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Simile and Identity in Ovid's Metamorphoses

$23.00 USD

  • Date Published: February 2012
  • availability: This ISBN is for an eBook version which is distributed on our behalf by a third party.
  • format: Adobe eBook Reader
  • isbn: 9781139210621

$ 23.00 USD
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  • Nulli sua forma manebat. The world of Ovid's Metamorphoses is marked by constant flux in which nothing keeps its original form. This book argues that Ovid uses the epic simile to capture states of unresolved identity - in the transition between human, animal and divine identity, as well as in the poem's textual ambivalence between genres and the negotiation of fiction and reality. In conjuring up a likeness, the mental image of the simile enters a dialectic of appearances in a visually complex and treacherous universe. Original and subtle close readings of episodes in the poem, from Narcissus to Adonis, from Diana's blush to the freeform dreams in the House of Sleep, trace the simile's potential for exploiting indeterminacy and immateriality. In its protean permutations the simile touches on the most profound issues of the poem - the nature of humanity and divinity and the essence of poetic creation.

    • The first monograph on Ovid's epic simile
    • Provides a new reading of the Metamorphoses, one of Ovid's most famous works
    • Presents original close readings of central episodes from a distinctive vantage point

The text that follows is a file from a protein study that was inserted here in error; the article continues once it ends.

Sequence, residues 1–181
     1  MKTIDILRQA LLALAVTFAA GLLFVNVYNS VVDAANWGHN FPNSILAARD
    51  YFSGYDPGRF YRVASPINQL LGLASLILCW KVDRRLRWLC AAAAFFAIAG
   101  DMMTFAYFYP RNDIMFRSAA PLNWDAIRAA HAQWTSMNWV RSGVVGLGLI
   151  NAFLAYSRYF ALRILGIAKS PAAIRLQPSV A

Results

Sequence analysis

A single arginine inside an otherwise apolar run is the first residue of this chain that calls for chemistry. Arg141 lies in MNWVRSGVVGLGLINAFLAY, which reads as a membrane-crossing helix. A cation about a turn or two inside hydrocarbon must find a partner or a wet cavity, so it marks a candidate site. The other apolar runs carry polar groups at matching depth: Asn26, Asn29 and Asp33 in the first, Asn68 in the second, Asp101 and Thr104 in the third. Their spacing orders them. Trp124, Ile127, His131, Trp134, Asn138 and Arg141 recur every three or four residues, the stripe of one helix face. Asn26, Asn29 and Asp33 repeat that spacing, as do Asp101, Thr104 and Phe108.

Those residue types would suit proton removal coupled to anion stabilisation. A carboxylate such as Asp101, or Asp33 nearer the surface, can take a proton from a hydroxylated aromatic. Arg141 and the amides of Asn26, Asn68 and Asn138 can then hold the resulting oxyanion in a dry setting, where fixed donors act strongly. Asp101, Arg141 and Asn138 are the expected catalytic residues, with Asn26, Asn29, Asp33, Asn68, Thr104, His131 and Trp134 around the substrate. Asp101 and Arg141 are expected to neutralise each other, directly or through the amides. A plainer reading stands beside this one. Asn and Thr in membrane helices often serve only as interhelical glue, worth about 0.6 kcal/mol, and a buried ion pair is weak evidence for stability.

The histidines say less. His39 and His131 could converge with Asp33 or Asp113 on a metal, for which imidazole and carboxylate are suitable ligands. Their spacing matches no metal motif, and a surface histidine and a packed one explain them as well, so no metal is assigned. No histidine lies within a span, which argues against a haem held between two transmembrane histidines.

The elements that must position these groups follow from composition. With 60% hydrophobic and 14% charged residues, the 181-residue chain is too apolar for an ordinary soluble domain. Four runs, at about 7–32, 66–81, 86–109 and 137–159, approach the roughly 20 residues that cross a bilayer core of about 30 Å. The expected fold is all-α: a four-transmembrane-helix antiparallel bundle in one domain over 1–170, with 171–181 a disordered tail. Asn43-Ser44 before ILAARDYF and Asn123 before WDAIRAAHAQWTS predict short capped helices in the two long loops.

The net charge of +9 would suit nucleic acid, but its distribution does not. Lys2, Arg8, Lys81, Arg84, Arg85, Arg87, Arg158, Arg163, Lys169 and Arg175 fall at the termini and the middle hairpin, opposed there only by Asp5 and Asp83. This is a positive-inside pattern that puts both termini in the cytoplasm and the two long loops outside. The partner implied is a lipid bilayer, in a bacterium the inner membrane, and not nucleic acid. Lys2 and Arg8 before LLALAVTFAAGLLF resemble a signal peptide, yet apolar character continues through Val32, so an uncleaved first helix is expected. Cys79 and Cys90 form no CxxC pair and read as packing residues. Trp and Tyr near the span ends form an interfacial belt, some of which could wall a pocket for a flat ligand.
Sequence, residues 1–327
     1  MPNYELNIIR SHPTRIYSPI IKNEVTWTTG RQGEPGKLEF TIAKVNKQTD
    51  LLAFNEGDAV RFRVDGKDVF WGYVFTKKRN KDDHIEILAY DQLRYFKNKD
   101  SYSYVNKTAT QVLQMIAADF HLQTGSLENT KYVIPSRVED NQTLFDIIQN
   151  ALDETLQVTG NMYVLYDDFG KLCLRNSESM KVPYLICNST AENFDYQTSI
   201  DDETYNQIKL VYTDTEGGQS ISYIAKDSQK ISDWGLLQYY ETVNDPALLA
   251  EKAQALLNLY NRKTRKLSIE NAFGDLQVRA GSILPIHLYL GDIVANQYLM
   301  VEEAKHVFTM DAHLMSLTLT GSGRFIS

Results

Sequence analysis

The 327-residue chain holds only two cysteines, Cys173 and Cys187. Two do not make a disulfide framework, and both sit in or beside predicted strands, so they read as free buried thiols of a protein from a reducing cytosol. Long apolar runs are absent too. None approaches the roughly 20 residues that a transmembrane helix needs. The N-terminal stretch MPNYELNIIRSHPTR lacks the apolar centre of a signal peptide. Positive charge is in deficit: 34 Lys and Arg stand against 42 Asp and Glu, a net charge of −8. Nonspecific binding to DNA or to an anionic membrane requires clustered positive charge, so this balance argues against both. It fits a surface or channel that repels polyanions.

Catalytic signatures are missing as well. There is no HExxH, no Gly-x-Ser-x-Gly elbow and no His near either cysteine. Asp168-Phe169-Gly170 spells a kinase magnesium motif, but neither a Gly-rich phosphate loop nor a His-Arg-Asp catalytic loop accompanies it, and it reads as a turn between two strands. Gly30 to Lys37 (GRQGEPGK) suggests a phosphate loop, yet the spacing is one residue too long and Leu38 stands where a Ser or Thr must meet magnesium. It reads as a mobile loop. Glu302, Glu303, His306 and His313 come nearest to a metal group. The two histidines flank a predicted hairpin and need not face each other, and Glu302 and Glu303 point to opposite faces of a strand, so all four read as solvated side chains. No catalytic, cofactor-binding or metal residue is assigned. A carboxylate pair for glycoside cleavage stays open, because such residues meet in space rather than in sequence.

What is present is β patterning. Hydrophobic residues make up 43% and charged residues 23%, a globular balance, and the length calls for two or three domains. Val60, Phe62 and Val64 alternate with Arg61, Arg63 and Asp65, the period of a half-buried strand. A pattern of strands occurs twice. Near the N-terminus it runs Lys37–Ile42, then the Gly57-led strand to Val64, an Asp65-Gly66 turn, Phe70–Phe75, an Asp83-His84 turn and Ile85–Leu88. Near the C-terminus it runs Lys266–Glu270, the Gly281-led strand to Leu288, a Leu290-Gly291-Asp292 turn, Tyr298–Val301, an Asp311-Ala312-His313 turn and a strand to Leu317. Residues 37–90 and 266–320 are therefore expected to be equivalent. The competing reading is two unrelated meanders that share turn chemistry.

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    Reviews & endorsements

    '[This book] is accessible to readers at all levels of expertise, including undergraduates, and would also make ideal reading for all people who like fiction and literary experiments.' Alessandro Barchiesi, Classical World

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    Product details

    • Date Published: February 2012
    • format: Adobe eBook Reader
    • isbn: 9781139210621
    • availability: This ISBN is for an eBook version which is distributed on our behalf by a third party.
  • Table of Contents

    Introduction
    1. Metamorphosis and simile
    2. The gods and the simile
    3. The simile and genre
    4. Simile and fictionality
    Conclusion: the protean nature of simile.

  • Author

    Marie Louise von Glinski, New York University
    Marie Louise Von Glinski is Assistant Professor and Faculty Fellow in the Classics Department at New York University.

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